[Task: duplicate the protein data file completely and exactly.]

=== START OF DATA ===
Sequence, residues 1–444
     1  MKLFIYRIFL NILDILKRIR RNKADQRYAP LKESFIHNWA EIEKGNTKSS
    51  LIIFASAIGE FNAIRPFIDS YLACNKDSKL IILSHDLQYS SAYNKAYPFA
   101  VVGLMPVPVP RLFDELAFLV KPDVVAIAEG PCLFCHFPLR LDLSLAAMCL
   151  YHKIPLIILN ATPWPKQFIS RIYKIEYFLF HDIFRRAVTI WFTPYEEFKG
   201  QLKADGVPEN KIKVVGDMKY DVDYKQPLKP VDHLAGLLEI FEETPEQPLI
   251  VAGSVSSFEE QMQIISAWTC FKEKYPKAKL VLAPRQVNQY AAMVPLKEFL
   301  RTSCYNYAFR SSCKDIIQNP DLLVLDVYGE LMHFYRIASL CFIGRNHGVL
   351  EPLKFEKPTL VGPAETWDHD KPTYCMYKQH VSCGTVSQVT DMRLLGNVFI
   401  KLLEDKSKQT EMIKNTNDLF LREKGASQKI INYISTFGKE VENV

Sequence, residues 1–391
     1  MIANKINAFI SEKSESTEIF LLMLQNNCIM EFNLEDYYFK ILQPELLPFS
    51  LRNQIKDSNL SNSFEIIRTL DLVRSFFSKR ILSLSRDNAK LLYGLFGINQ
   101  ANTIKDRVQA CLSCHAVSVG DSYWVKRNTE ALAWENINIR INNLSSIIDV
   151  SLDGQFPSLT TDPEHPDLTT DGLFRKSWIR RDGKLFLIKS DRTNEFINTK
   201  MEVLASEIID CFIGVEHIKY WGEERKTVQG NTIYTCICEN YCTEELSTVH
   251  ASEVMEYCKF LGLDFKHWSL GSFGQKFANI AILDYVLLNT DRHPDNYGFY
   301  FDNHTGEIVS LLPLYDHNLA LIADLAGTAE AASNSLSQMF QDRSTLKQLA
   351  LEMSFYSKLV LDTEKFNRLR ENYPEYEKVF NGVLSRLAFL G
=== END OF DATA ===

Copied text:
Sequence, residues 1–444
     1  MKLFIYRIFL NILDILKRIR RNKADQRYAP LKESFIHNWA EIEKGNTKSS
    51  LIIFASAIGE FNAIRPFIDS YLACNKDSKL IILSHDLQYS SAYNKAYPFA
   101  VVGLMPVPVP RLFDELAFLV KPDVVAIAEG PCLFCHFPLR LDLSLAAMCL
   151  YHKIPLIILN ATPWPKQFIS RIYKIEYFLF HDIFRRAVTI WFTPYEEFKG
   201  QLKADGVPEN KIKVVGDMKY DVDYKQPLKP VDHLAGLLEI FEETPEQPLI
   251  VAGSVSSFEE QMQIISAWTC FKEKYPKAKL VLAPRQVNQY AAMVPLKEFL
   301  RTSCYNYAFR SSCKDIIQNP DLLVLDVYGE LMHFYRIASL CFIGRNHGVL
   351  EPLKFEKPTL VGPAETWDHD KPTYCMYKQH VSCGTVSQVT DMRLLGNVFI
   401  KLLEDKSKQT EMIKNTNDLF LREKGASQKI INYISTFGKE VENV

Sequence, residues 1–391
     1  MIANKINAFI SEKSESTEIF LLMLQNNCIM EFNLEDYYFK ILQPELLPFS
    51  LRNQIKDSNL SNSFEIIRTL DLVRSFFSKR ILSLSRDNAK LLYGLFGINQ
   101  ANTIKDRVQA CLSCHAVSVG DSYWVKRNTE ALAWENINIR INNLSSIIDV
   151  SLDGQFPSLT TDPEHPDLTT DGLFRKSWIR RDGKLFLIKS DRTNEFINTK
   201  MEVLASEIID CFIGVEHIKY WGEERKTVQG NTIYTCICEN YCTEELSTVH
   251  ASEVMEYCKF LGLDFKHWSL GSFGQKFANI AILDYVLLNT DRHPDNYGFY
   301  FDNHTGEIVS LLPLYDHNLA LIADLAGTAE AASNSLSQMF QDRSTLKQLA
   351  LEMSFYSKLV LDTEKFNRLR ENYPEYEKVF NGVLSRLAFL G